As for the impact Dunn hopes the program will have on Fayette County municipalities, “Just look at Butler County,” he said. 

 

“They have done over $120 million in projects for $40 million in infrastructure bank money,” Dunn said. “That’s the type of impact this program can have in Fayette County. It’s about leveraging available monies into larger projects to move our county ahead.” 

 

Commissioner Vicites said he began developing a plan for the county to implement an infrastructure bank in 2018, meeting with Butler and Dauphin counties and various consultants on how to make it a reality. 

 

“I’m glad to finally see this come to fruition. An infrastructure bank will facilitate growth and development at a much higher rate,” Vicites said. “With infrastructure in place, there will be no barriers to growth and development in Fayette County.” 

 

Vicites said having an infrastructure bank with the county’s support “may be the difference between an infrastructure project happening or not happening” in a municipality. 

 

“If the county can help make a project happen, then we’ve done our job,” he said. “The two counties that have already implemented programs have seen accelerated growth in their counties. We hope to achieve the same success in Fayette County in the near future.” 

 

Commissioner Lohr said he’s worked diligently to improve the county’s bond rating, and the infrastructure bank’s creation is “one of the many ways in which that work is paying off and benefiting the people who live and work in Fayette County.” 

 

“As a county, we’re able to secure more competitive rates on loans than municipal entities qualify for, and our bond rating makes us eligible for even more attractive rates. Through the infrastructure bank, we’re able to pass those competitive rates along to municipalities and authorities,” Lohr said. “It’s a huge win at every level. Municipalities benefit from getting much-needed projects done; getting municipal projects done makes Fayette County a more attractive place to live and work; and, when the county prospers, our citizens reap the benefits. I’m all about growing this county, and this is another initiative that puts Fayette County on the cutting edge.”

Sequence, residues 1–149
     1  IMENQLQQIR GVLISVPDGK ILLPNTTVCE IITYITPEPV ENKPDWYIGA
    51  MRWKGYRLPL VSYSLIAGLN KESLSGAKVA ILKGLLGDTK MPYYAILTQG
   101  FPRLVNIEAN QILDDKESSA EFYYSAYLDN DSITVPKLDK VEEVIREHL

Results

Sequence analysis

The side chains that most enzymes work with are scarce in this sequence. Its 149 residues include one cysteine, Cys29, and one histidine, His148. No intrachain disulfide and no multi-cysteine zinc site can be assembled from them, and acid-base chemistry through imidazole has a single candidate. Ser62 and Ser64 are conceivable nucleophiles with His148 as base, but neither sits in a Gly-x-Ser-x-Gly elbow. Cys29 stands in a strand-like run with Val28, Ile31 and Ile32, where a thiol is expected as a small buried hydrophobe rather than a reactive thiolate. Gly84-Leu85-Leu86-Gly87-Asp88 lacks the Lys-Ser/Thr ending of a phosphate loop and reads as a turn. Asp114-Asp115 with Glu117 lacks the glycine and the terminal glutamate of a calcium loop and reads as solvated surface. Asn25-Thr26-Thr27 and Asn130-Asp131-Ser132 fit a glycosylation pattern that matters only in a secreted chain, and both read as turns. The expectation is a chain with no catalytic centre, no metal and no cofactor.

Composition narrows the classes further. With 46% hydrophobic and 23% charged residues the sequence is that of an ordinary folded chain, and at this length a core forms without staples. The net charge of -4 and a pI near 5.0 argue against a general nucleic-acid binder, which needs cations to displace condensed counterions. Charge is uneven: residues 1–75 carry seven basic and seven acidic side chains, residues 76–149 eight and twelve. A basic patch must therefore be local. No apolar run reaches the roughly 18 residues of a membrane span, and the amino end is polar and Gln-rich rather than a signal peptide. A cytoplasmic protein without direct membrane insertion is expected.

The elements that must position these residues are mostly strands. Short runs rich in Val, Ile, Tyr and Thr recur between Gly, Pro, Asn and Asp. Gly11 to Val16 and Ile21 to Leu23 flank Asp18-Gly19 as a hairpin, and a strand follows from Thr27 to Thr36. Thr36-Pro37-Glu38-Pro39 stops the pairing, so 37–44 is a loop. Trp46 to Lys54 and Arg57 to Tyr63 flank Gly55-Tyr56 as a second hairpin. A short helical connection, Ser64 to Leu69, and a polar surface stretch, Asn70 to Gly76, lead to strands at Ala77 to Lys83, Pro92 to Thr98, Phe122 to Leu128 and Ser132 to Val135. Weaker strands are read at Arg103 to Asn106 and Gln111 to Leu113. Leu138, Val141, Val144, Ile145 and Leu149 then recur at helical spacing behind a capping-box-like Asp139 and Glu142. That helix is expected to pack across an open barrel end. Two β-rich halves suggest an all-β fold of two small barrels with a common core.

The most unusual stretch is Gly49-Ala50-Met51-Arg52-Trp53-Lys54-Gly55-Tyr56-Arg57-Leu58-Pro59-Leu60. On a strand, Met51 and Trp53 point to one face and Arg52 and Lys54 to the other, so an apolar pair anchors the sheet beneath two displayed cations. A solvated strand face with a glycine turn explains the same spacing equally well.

In terms of countywide impact, Lohr said he “expect(s) quite a lot from this initiative,” as potential applicants run the gamut from municipalities and municipal authorities, “to school districts, nonprofits and private entities.” 

 

“I know how frustrating it is when an organization can see what needs to be done for the community but can’t pull together the funding to do it. I’m excited about what projects might benefit from using the infrastructure bank and the rates it will offer,” Lohr said. “I expect this to really unlock our growth potential by enabling applicants to secure funding that would otherwise be unattainable for much-needed projects and to accelerate project schedules; thereby spurring economic development.”  

 

Program guidelines will be finalized by spring of 2022, when the open application period is slated to begin. Loan closing for the first round of funding will be implemented next fall, with project pre-construction to begin by winter 2022-23. 

 

For more information, contact Economic Development Coordinator Mark Rafail at 724-430 1200 Ext:1501; mrafail@fayettepa.org or Chief Community Development Specialist Art Cappella at 724-430- 1211; acappella@fayettepa.org.

 To learn more about Fayette County, visit www.FayetteCountyPA.org. 

 

Commissioners infrastructure bank